Answered By: Priscilla Coulter Last Updated: Jun 26, 2014 Views: 17459
A research paper is a primary source...that is, it reports the methods and results of an original study performed by the authors. The kind of study may vary (it could have been an experiment, survey, interview, etc.), but in all cases, raw data have been collected and analyzed by the authors, and conclusions drawn from the results of that analysis.
Research papers follow a particular format. Look for:
- A brief introduction will often include a review of the existing literature on the topic studied, and explain the rationale of the author's study. This is important because it demonstrates that the authors are aware of exisiting studies, and are planning to contribute to this existing body of research in a meaningful way (that is, they're not just doing what others have already done).
- A methods section, where authors desribe how they collected and analyzed data. Statistical analyses are included. This section is quite detailed, as it's important that other researchers be able to verify and/or replicate these methods.
- A results section describes the outcomes of the data analysis. Charts and graphs illustrating the results are typically included.
- In the discussion, authors will explain their interpretation of their results and theorize on their importance to existing and future research.
- References or works cited are always included. These are the articles and books that the authors drew upon to plan their study and to support their discussion.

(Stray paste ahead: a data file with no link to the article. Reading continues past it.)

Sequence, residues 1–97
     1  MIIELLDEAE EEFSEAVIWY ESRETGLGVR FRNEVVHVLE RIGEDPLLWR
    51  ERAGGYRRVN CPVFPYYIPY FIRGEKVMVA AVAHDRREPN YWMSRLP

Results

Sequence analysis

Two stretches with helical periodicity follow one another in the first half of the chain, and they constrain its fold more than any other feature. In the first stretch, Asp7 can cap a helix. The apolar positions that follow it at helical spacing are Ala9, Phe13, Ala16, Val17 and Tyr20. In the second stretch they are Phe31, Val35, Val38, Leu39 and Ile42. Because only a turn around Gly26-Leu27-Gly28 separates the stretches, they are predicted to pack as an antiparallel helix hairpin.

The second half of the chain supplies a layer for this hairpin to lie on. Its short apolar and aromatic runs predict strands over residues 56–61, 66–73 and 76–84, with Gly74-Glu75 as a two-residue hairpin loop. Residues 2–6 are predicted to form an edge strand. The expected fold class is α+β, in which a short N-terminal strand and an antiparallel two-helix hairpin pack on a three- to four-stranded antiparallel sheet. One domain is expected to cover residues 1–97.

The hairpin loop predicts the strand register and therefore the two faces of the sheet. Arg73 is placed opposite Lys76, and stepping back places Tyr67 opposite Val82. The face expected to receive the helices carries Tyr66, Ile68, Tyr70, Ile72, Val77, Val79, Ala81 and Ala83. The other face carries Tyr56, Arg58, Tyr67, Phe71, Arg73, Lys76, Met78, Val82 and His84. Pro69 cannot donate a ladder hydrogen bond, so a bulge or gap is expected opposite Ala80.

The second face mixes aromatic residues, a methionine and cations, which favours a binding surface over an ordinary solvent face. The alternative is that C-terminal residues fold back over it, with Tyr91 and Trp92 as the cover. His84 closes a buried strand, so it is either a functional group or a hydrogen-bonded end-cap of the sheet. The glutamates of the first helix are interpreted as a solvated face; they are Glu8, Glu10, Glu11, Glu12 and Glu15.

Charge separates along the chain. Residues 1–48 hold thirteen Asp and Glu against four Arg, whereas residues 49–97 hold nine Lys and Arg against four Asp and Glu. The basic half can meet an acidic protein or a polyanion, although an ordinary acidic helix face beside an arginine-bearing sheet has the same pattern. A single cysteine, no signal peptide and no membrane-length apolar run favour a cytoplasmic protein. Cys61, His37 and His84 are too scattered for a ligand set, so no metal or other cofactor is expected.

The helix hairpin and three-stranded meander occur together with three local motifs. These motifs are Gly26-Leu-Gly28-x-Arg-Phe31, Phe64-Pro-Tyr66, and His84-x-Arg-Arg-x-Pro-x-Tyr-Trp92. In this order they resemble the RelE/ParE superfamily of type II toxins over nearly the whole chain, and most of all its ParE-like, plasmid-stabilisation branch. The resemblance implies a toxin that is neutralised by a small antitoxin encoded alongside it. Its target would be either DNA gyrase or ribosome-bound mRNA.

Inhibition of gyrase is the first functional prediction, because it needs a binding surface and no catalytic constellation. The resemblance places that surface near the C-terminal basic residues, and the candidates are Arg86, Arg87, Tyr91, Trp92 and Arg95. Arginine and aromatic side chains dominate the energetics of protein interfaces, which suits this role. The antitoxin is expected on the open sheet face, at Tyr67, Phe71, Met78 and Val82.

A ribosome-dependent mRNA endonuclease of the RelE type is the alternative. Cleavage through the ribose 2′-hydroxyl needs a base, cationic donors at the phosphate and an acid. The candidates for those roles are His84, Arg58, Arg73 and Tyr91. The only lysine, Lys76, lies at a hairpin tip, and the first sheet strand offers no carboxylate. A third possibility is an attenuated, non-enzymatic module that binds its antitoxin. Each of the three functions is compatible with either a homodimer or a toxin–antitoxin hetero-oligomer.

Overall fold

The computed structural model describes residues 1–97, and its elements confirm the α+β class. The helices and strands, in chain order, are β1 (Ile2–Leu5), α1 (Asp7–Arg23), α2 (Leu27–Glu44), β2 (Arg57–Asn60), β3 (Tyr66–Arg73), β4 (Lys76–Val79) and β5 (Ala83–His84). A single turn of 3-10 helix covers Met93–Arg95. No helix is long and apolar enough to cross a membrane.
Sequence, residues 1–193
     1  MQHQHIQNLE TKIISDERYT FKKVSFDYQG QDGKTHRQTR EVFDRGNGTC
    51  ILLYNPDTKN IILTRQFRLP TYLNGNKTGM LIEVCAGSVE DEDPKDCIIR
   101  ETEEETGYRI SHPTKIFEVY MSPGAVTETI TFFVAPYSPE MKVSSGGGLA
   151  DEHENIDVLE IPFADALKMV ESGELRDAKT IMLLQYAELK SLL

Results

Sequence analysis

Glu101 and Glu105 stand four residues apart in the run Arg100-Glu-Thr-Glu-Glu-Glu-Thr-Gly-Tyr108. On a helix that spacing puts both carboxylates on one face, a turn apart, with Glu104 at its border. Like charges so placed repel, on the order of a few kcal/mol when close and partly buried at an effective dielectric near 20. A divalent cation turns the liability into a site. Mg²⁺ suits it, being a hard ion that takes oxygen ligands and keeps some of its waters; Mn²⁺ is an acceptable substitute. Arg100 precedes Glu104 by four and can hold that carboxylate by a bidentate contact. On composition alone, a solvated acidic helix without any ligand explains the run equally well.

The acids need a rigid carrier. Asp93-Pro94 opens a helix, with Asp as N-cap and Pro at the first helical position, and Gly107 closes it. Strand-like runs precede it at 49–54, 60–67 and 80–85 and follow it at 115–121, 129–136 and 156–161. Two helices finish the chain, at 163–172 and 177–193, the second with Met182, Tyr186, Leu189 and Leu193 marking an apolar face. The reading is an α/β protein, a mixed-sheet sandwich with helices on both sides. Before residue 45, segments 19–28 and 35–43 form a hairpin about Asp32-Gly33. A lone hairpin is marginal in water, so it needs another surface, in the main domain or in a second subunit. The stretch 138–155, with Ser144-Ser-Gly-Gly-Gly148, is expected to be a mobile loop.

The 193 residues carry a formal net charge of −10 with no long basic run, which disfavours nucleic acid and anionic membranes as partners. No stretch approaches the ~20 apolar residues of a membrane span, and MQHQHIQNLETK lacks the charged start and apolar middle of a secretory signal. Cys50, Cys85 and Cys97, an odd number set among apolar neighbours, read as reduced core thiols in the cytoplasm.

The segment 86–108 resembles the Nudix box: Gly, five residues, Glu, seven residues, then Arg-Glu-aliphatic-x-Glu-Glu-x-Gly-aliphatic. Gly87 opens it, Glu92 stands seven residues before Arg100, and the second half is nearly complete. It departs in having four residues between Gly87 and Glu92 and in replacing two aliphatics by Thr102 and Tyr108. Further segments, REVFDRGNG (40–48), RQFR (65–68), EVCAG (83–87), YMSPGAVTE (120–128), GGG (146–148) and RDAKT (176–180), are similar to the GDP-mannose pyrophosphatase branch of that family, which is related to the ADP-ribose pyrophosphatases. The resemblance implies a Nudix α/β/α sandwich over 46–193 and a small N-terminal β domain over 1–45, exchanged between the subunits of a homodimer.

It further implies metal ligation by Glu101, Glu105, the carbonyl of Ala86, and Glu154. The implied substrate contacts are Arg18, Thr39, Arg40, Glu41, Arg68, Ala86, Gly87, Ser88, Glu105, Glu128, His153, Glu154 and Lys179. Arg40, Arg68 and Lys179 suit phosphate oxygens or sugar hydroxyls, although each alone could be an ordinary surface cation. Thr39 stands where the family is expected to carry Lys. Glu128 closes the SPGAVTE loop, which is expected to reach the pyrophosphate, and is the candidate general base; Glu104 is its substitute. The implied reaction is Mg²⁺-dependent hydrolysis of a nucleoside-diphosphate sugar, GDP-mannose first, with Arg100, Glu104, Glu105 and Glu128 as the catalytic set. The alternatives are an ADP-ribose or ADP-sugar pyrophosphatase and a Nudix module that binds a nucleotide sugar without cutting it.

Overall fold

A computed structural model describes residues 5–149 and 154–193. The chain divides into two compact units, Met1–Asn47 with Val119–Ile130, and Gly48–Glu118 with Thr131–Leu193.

You can use the library's article databases to search for research articles:
- A research article will nearly always be published in a peer-reviewed journal; click here for instructions on limiting your searches to peer-reviewed articles.
- If you have a particular type of study in mind, you can include keywords to describe it in your search. For instance, if you would like to see studies that used surveys to collect data, you can add "survey" to your topic in the database's search box. See this example search in our EBSCO databases: "bullying and survey".
- Several of our databases have special limiting options that allow you to select specific methodologies. See, for instance, the "Methodology" box in ProQuest's PsycARTICLES Advanced Search (scroll down a bit to see it). It includes options like "Empirical Study" and "Qualitative Study", among many others.
A review article is a secondary source...it is written about other articles, and does not report original research of its own. Review articles are very important, as they draw upon the articles that they review to suggest new research directions, to strengthen support for existing theories and/or identify patterns among exising research studies. For student researchers, review articles provide a great overview of the exisiting literature on a topic. If you find a literature review that fits your topic, take a look at its references/works cited list for leads on other relevant articles and books!